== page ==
The Economic and Financial Crimes Commission (EFCC) has announced that it is investigating the outgoing governor of Zamfara State, Bello Matawalle, for an alleged N70billion fraud.
This follows the governor’s Wednesday accusation of EFCC chairman Abdulrasheed Bawa of corruption and harsh practises.
The governor made allegations against Bawa and dared the commission to investigate members of the cabinet of President Muhammadu Buhari.
But, speaking at a press briefing on Thursday in Abuja, the director of public affairs of the commission, Osita Nwajah, stated that Matawalle’s accusations were a case of corruption fighting back, as the embattled governor is aware that he will be arrested for questioning on May 29, 2023, when his term expires.
According to him, “the real issue with Matawalle is that he is under investigation by the EFCC for massive corruption, awarding of phantom contracts, and diversion of over N70 billion.”
“Money obtained as a loan from an old-generation bank, ostensibly for the execution of projects across the local government areas of the state, was allegedly misappropriated by the governor through proxies and contractors who received payment for unexecuted contracts.”
“According to the findings of the Commission’s investigations to date, more than a hundred companies have received compensation from the funds without providing evidence of service rendered to the state. Some of the contractors who had been invited and questioned by the Commission made shocking revelations about how they were allegedly compelled by the governor to return the funds they had received from the state coffers to him via his advisers after converting them to United States Dollars.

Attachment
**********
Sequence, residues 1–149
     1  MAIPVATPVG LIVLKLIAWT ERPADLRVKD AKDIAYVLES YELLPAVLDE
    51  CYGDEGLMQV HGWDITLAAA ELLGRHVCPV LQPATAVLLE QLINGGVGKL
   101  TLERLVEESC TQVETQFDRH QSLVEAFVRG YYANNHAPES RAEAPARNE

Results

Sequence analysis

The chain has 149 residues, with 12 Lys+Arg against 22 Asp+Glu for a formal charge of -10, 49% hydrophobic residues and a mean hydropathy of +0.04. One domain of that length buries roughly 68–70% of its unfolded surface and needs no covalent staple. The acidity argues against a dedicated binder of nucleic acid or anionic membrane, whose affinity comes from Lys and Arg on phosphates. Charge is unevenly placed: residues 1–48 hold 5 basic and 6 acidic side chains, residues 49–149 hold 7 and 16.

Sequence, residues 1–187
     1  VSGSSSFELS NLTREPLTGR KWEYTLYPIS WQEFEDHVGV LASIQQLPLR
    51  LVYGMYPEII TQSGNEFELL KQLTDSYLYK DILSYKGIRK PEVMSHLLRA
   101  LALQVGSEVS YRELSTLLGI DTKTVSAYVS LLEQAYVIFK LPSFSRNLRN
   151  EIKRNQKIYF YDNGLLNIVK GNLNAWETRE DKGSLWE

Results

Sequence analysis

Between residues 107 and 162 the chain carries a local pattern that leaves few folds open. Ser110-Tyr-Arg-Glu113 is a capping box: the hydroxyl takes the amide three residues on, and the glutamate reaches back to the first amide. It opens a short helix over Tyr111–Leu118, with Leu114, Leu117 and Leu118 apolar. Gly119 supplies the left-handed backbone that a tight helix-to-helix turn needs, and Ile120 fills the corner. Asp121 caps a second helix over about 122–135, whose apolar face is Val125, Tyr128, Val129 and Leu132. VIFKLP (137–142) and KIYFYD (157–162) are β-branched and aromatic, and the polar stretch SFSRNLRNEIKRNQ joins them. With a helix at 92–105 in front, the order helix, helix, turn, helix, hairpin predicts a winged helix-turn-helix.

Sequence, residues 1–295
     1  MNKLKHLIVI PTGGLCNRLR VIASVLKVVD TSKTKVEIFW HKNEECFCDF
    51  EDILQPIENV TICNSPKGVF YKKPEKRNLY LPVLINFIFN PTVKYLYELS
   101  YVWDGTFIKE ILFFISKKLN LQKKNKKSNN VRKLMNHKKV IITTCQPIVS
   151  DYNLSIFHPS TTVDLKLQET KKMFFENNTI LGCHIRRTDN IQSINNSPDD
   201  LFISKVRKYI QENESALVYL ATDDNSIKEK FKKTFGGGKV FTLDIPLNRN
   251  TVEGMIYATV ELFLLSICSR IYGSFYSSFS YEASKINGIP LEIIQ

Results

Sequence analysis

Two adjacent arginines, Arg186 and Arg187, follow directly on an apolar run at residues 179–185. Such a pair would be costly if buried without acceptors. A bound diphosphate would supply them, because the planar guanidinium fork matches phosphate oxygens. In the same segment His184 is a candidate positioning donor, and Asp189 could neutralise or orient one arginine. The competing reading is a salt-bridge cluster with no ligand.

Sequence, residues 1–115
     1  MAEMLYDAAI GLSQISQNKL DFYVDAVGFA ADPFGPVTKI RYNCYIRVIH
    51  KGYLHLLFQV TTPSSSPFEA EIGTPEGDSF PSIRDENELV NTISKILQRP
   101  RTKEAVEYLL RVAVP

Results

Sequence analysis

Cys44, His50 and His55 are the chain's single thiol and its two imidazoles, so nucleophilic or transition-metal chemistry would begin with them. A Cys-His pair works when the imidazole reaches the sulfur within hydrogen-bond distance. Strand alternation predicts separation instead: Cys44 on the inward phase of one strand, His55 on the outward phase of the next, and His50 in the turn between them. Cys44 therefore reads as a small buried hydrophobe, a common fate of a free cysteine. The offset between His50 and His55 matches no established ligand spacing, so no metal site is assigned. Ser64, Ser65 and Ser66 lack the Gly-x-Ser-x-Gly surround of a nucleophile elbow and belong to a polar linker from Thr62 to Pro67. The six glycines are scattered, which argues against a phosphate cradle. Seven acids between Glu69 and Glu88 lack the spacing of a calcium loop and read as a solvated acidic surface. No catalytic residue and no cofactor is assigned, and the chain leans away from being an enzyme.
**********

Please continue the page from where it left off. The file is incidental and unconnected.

“They confirmed that they did not perform any services for the state of Zamafara, but were allegedly directed to convert the funds paid to them into U.S. dollars and return them to the governor of the state through a number of his commissioners, most notably the Commissioners in charge of Finance and Local Government Affairs.
“One of the contractors, a well-known Abuja real estate developer, collected N6 billion on a N10 billion contract without performing any work for Zamfara state.” The Commission traced a payment of N400 million from another contractor’s account to a Bureau de Change operator. The contractor admitted that the payment was made ostensibly to acquire the dollar equivalent for the state governor.”
As Nigeria transitions to a new government, the EFCC predicted that more allegations of this nature will be made in the coming days.
Regarding the allegations against Bawa, Nwajah stated, “The Economic and Financial Crimes Commission, EFCC, has been made aware of a statement attributed to the Governor of Zamfara State, Bello Muhamad Matawalle, in which he attempted to cast doubt on the integrity of the EFCC’s fight against corruption by making ludicrous allegations of corruption in the disposal of assets and plea bargain procedure, among others.
“These claims should not be given the courtesy of a response. This situation is an instance of corruption battling back. Matawalle’s outburst is the result of paranoia, a distressing response to the EFCC’s lawful activities.
“However, for the sake of gullible citizens who may be swayed by the governor’s unexpected burst of crusading zeal, a measured response has become necessary to expose Matawalle’s outburst for what it is: a ploy to divert attention from the real issue.
“The issue has nothing to do with the EFCC’s asset recovery and disposal process’s transparency. Contrary to Matawalle’s assertions, the Commission oversaw the most transparent asset disposal in the nation’s history. Since then, the open and transparent exercise’s proceeds have been deposited into the Federal Government’s treasuries and are being utilised for the provision of infrastructure for Nigerians.
“Plea bargain is also not the issue. In fact, it is hypocritical for Matawalle to criticise a procedure from which he has benefited. The practise of plea bargaining is established by law, and the Commission has never violated the law when applying this principle. Matawalle is at liberty to disclose any evidence of plea bargaining abuse in his possession.
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